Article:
The recent IBJ story “One Year In, Paris Route Flying High,” showed the state of Indiana’s strong leadership and support for Delta Airlines’ direct flight between Indianapolis and Paris.
It’s in stark contrast to what’s about to happen to passenger rail service between here and Chicago.
In the first year of the Delta flight, the airline got from the state $110 per passenger round trip, a $3.5 million per-year subsidy.
By contrast, the Hoosier State train to Chicago will end June 30 due to the end of state funding to the tune of $3 million per year.
The about-face of Gov. Eric Holcomb in his support for the rail route was a shock to the local communities along the route that—in an unusual move—were forced to fund part of the cost of operating the Amtrak service at an annual total of $500,000. (Do we force Lafayette to pay for part of maintaining and upgrading Interstate 65?)
There wasn’t much more support for the route from Visit Indy, the Indy Chamber or the city of Indianapolis. Amtrak was not much help either, even though the rail service used the route to haul cars to its repair facility in Beech Grove.
The service was not perfect, but there was little done to improve it. It needed to operate more than once a day in each direction, the travel times could have been improved, the tracks could have been upgraded, and the state could have done a better job marketing it.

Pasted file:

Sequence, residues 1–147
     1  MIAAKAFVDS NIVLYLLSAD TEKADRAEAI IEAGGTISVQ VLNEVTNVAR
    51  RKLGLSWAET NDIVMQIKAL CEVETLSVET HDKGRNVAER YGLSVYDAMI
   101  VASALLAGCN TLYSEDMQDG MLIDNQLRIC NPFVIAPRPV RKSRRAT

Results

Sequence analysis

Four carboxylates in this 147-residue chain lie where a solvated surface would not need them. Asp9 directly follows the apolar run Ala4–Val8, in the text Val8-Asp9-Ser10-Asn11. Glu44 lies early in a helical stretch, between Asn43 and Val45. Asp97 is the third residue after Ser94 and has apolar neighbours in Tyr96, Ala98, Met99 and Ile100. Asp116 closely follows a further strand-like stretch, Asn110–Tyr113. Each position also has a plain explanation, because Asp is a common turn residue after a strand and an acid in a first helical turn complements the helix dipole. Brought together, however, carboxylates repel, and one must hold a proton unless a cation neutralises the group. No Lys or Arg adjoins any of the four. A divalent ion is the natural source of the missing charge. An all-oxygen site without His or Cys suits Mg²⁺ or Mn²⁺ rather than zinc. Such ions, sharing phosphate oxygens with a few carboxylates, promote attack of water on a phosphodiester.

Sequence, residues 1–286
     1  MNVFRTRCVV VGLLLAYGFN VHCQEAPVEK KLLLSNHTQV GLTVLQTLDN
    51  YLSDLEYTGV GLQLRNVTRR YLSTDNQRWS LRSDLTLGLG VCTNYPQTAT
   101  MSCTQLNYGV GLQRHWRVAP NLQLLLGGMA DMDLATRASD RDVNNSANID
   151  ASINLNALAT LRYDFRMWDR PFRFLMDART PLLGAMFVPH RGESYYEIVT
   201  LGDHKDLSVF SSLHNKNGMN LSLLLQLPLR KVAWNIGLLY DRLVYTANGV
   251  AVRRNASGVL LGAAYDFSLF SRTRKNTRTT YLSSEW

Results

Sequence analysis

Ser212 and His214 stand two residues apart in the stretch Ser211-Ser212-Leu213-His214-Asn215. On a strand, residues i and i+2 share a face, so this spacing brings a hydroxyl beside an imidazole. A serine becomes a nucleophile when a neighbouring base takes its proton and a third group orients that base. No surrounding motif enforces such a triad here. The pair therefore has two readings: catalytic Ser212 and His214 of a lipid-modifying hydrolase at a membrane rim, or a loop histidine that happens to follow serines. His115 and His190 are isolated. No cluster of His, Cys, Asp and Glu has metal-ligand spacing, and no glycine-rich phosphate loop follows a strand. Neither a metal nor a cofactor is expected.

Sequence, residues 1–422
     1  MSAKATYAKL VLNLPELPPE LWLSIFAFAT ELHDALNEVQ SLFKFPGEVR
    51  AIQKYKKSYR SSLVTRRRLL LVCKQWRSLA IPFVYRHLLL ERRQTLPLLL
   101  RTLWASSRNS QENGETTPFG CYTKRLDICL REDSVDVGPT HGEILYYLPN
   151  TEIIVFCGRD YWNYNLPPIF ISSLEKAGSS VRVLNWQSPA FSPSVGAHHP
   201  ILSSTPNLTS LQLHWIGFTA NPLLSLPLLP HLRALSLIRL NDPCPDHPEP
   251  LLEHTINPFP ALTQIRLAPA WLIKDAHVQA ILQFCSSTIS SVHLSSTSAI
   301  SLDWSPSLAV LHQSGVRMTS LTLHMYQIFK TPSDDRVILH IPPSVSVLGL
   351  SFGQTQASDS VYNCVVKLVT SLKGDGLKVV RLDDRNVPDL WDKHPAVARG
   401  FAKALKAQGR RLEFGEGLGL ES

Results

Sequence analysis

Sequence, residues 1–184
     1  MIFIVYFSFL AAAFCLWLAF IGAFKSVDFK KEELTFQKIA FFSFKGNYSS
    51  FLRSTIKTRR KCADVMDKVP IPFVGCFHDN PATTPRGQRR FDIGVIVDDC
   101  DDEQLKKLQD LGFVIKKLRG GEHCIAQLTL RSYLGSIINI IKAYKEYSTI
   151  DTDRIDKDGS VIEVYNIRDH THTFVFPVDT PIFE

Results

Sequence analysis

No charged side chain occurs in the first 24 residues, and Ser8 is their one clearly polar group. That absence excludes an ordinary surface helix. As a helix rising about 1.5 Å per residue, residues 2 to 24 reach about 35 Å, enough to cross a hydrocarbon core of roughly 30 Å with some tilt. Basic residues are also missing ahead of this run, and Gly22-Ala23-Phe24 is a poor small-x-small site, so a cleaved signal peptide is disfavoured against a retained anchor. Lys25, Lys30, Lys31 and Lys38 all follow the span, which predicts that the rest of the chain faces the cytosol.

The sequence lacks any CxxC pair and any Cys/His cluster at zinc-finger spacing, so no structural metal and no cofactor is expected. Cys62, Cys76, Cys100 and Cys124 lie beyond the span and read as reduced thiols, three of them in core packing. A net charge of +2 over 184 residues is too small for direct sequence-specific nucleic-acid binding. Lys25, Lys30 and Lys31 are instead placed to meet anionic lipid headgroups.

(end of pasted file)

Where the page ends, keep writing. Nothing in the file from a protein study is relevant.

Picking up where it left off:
There is plenty of blame to go around.
By contrast, neighboring states Illinois, Michigan, Missouri and Wisconsin include passenger rail as part of their state transportation planning.
Indeed, three of these states just bought new locomotives (with engines built by Cummins in Seymour) to upgrade their service, as did California. Illinois built new stations and is upgrading the tracks to accommodate speeds of up to 110 mph. Wisconsin funds seven round trips a day to Chicago and Michigan funds four to Detroit.
North Carolina also comes to mind.
With three state-supported trains a day and two Amtrak long-distance routes between Charlotte and a new station in Raleigh, passenger rail is a vital part of the state’s transportation program.
By contrast, Indianapolis travelers are relegated to the congested and accident-prone I-65 or the expensive (and often delayed) flights into O’Hare. Did I forget to mention the Megabus, which drops you off a mile south of downtown Chicago on Polk Street, a street with few facilities of any kind?
Marketing the Chicago-to-Indy route to rail-friendly Chicagoans to come down to visit, attend a convention or go to a Colts game was never pursued, despite our train terminal’s ideal location downtown.
Worse, the Indiana Economic Development Corp., which gives out the Paris subsidy, was apparently too busy to meet with our group to discuss the rail issue, despite several attempts.
On June 30, Indiana will lose the Hoosier State train to Chicago and the great potential it had to provide an alternative to driving to Chicago.
It is very disappointing.•
Malcolm is on the board of the Indiana Passenger Rail Alliance.